Max Levchin may still be most well-known as a member of the founding "PayPal Mafia," but that payments company is just one of his many entrepreneurial efforts. "I started four companies before PayPal, and they all failed one way or another," says Levchin, now the co-founder and CEO of lending startup Affirm. "It sucks when you fail ... but I was so caught up in the whole [excitement of] starting companies in rural Illinois, that none of it was too difficult."

PayPal's success significantly changed that track record, of course. Now Levchin is attacking another part of the staid financial services industry, trying to make retailer-specific credit more transparent and Millennial-friendly. In a recent conversation, edited and condensed below, Levchin spoke about one of his earliest business breakups--and how that helped him grow into his founder confidence.

I'm fairly black-and-white about everything. It's probably a product of my socialist upbringing.

And it's probably a shortcoming as opposed to an advantage--but I'm now comfortable enough with my black-and-white self to realize that that's how I'm going to operate. Even if as a result, I sometimes blow through opportunities.

 inline image

I didn't always accept that about myself--which, when I was younger, was something that resulted in a very unpleasant founder divorce. There was some money involved, and it basically destroyed a relationship with someone who was maybe a very fine human being.

There was just enough of a personality and stylistic difference between us; I was black-and-white, and this type of person seemed a lot more sophisticated in understanding how the world works than I was. So when we were figuring out the distribution of stock, I wanted a 50-50 split, but his view of the world was, "I bring something to the table and you bring something to the table, and they're different things."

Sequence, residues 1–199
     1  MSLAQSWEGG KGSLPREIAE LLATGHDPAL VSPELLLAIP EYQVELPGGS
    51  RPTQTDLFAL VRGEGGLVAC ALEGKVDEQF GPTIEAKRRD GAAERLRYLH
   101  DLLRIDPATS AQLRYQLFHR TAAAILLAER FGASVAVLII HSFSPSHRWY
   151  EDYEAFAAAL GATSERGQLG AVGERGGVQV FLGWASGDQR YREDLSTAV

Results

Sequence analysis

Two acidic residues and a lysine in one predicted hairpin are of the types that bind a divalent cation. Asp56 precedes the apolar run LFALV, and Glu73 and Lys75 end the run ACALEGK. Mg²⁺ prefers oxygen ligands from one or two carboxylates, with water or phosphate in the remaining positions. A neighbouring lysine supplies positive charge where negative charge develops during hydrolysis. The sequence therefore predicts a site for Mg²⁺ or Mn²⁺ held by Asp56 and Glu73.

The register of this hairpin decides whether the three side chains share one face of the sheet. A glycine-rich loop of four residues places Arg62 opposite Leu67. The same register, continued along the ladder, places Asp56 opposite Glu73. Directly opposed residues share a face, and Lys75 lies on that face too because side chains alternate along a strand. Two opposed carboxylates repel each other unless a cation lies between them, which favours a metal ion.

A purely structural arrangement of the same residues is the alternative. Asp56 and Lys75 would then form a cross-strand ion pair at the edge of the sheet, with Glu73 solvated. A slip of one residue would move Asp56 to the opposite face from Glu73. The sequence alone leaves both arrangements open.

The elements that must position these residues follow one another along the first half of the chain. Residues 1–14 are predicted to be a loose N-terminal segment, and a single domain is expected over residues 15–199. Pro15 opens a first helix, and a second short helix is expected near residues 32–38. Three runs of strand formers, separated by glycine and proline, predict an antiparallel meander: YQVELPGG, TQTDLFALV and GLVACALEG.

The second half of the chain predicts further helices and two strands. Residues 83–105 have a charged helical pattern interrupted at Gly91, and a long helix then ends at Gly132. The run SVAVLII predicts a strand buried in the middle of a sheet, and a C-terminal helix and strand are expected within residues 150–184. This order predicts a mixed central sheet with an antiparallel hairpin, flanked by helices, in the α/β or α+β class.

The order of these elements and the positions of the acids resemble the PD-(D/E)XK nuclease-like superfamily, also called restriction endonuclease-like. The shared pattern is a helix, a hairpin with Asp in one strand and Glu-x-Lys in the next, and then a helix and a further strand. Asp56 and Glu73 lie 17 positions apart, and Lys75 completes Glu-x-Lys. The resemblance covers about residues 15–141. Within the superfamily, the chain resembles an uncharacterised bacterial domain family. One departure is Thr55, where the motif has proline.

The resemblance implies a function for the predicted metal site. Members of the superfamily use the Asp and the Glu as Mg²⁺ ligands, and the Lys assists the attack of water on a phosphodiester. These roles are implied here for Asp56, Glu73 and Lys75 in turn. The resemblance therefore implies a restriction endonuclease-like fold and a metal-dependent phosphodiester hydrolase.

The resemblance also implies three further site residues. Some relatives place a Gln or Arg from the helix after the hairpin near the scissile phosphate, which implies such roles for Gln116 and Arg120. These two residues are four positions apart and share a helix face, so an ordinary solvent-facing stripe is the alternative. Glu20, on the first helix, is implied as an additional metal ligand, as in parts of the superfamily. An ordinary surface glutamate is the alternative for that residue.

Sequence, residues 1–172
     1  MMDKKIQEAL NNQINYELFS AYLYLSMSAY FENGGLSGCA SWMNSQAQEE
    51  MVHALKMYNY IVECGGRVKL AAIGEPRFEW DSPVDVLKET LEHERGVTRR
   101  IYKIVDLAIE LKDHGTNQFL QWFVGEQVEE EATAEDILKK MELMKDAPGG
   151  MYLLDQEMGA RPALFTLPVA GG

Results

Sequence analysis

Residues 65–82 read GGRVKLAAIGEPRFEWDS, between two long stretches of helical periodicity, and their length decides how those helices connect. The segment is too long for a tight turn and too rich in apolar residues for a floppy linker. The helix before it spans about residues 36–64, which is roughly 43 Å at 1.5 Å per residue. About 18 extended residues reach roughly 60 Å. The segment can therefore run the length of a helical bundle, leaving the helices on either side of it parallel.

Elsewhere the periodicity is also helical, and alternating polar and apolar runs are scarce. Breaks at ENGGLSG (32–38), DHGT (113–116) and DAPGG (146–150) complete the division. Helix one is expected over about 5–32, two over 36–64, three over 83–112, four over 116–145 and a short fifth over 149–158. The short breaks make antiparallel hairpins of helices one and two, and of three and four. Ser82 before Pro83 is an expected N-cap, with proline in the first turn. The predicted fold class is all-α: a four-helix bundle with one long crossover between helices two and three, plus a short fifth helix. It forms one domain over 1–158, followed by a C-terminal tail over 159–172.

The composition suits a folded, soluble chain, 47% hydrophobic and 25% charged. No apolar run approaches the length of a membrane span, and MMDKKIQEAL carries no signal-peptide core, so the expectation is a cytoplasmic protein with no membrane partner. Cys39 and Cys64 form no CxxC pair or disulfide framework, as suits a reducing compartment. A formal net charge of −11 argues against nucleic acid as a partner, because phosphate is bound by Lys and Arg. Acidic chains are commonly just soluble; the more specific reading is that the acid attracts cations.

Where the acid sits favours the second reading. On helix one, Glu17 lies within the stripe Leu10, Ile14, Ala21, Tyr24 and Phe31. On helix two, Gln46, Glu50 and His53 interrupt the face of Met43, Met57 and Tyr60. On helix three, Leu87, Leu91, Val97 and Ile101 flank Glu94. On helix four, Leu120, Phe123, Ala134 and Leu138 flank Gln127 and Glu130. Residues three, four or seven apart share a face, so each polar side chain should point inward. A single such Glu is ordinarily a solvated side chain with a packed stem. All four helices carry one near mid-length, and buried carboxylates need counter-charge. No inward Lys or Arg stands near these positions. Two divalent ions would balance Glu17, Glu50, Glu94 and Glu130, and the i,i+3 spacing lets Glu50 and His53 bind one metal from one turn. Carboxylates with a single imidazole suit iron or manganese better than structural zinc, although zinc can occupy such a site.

I was kind of flabbergasted--how could you not have a 50-50 partnership? That wasn't the thing that blew it all up, but it was the first sign that we probably didn't value things the same way. I let it go at first, and kept on working...but at some point I woke up and thought, "This is a startup. It's like war, and you don't want to be in a foxhole with someone who doesn't have the same view of everything."

Now, when I counsel entrepreneurs, I advise them: "If the equity split isn't 50-50, do you have the right partners?" You want everyone to have the same level of investment.

And the advice I would have for my younger self is: Just be comfortable with who you are. Your black-and-white view of things may be an advantage or it may be a disadvantage. But that's who you are.